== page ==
This experiment is a bit different from the other two in this section, but phase transitions — the application of energy conservation it explores — are both interesting and important. At room temperature, it’s possible to hold sodium acetate below its freezing point. A slight disturbance and a small surface to build on will quickly cause the solution to crystallize (freeze). As the atoms that were formerly sliding past one another in the liquid solution becomes locked into a crystal lattice, their kinetic energy decreases. You know, by conservation of energy, that this energy doesn’t just go away; in fact, it is transformed into thermal energy. Freezing actually warms the solution up!


Now it’s time to codify and formalize the students’ observations. The following videos can help you elucidate and demonstrate the basic concepts underlying the discoveries students made as they explored.

Video 1: To Pop or Not to Pop

Taking a blowtorch to a balloon sounds like a sure bet for popping. And for a balloon filled with air, it is… But not for a balloon filled with water. Transferring energy to air as heat simply causes the air to warm up and expand. The temperature of the balloon will quickly exceed the maximum value the rubber can withstand, and the balloon will pop. However, you’d have to add much more energy to bring an equivalent volume of water to the same temperature. In fact, you’d have to bring all the water to a boil and heat the water vapor! This is not likely — if you take a blowtorch to a water balloon, you’re going to bring the water in the balloon to a boil, at which point its temperature will stay constant at about 100˚C (the exact temperature varies a bit with your elevation). All the energy you add with the blowtorch goes into boiling the water (i.e., causing to to undergo a phase transition from liquid to gas), not to changing its temperature, so the balloon doesn’t pop!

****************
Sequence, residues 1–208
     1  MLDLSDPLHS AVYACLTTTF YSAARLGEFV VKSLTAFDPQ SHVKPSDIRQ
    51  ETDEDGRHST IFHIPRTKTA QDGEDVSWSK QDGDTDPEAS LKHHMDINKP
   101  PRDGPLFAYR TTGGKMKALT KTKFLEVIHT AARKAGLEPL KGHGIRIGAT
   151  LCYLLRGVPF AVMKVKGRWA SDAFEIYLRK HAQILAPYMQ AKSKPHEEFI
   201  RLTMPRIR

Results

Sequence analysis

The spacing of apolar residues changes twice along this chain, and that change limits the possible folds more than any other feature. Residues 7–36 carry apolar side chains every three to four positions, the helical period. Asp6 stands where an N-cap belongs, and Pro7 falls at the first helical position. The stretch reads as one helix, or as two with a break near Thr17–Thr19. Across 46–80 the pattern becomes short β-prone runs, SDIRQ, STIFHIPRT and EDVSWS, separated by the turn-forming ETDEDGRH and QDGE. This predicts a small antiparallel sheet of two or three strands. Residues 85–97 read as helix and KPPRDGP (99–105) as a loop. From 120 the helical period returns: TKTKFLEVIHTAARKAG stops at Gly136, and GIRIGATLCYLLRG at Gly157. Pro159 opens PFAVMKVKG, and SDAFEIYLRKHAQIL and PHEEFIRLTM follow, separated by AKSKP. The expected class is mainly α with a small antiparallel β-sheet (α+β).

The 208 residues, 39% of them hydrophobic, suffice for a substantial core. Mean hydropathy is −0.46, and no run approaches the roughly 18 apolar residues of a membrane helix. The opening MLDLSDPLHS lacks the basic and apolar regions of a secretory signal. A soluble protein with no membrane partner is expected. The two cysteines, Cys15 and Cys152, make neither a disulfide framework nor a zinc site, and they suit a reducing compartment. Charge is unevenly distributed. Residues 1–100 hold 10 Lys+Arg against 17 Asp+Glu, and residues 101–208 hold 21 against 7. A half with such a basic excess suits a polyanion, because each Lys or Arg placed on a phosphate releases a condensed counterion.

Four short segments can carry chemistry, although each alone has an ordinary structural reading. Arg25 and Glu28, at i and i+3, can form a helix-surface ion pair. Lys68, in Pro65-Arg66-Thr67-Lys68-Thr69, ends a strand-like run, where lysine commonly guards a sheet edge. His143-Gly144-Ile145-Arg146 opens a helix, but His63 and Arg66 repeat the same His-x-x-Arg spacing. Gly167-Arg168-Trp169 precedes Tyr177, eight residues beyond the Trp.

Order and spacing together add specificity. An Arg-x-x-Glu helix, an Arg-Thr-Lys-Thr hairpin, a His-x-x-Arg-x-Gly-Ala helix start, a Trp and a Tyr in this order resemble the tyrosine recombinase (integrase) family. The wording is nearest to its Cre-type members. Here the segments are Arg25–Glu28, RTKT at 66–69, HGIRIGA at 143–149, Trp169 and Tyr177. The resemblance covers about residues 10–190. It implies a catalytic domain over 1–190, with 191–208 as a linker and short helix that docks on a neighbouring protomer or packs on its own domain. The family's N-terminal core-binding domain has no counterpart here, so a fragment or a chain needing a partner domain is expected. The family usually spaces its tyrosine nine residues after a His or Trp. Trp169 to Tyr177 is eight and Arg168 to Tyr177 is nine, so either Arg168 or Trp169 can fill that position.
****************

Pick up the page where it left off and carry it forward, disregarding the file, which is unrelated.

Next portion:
Video 2: Energy in Food

We started with an interesting display of food on fire; let’s now think about what that meant. A quick review: You need food as a source of chemical energy for everything from basic cellular processes to running a marathon. We can get a sense of how much chemical energy is in a food item by burning it; we can expedite the burning process by adding liquid oxygen (condensed from the air using liquid nitrogen). Here we use this strategy to get a sense of the amount of energy in a cracker, a pretzel stick, and a cookie — it’s easy to see which one would provide you the most energy!


Once the basic principles are clear, we want to encourage students to expand their thinking and ask questions that go beyond the scope of what we’ve already discussed.

Video: Lightly Microwaved

If you try this yourself, make sure to follow the safety cautions noted in the video.

Waves, including electromagnetic waves (self-sustaining paired oscillations of electric and magnetic fields), carry energy (see Everything You Need to Know About Oscillations & Waves). Your microwave oven generates one such type of wave (microwaves, as you might expect); the electric field component of the microwaves pushes on water molecules in your food, thereby increasing the thermal energy of your food. We can demonstrate rather more dramatically that waves carry energy by putting some small fluorescent light bulbs in the microwave for a few seconds. The electric field component of the microwaves is sufficiently large to excite electrons around mercury atoms inside the bulbs. When these electrons drop back down to lower energy levels, they emit their excess energy in the form of a photon (a packet of energy) of visible light. Net result: The bulbs light!


It’s important to figure out what students understand after the first four E’s. Tests and quizzes are one option, but there are many others.

This one is up to you — what works best for you and your students? We, for example, have had good results with turning the tables and letting the students make a video at this stage. We’d love to hear what works in your classroom!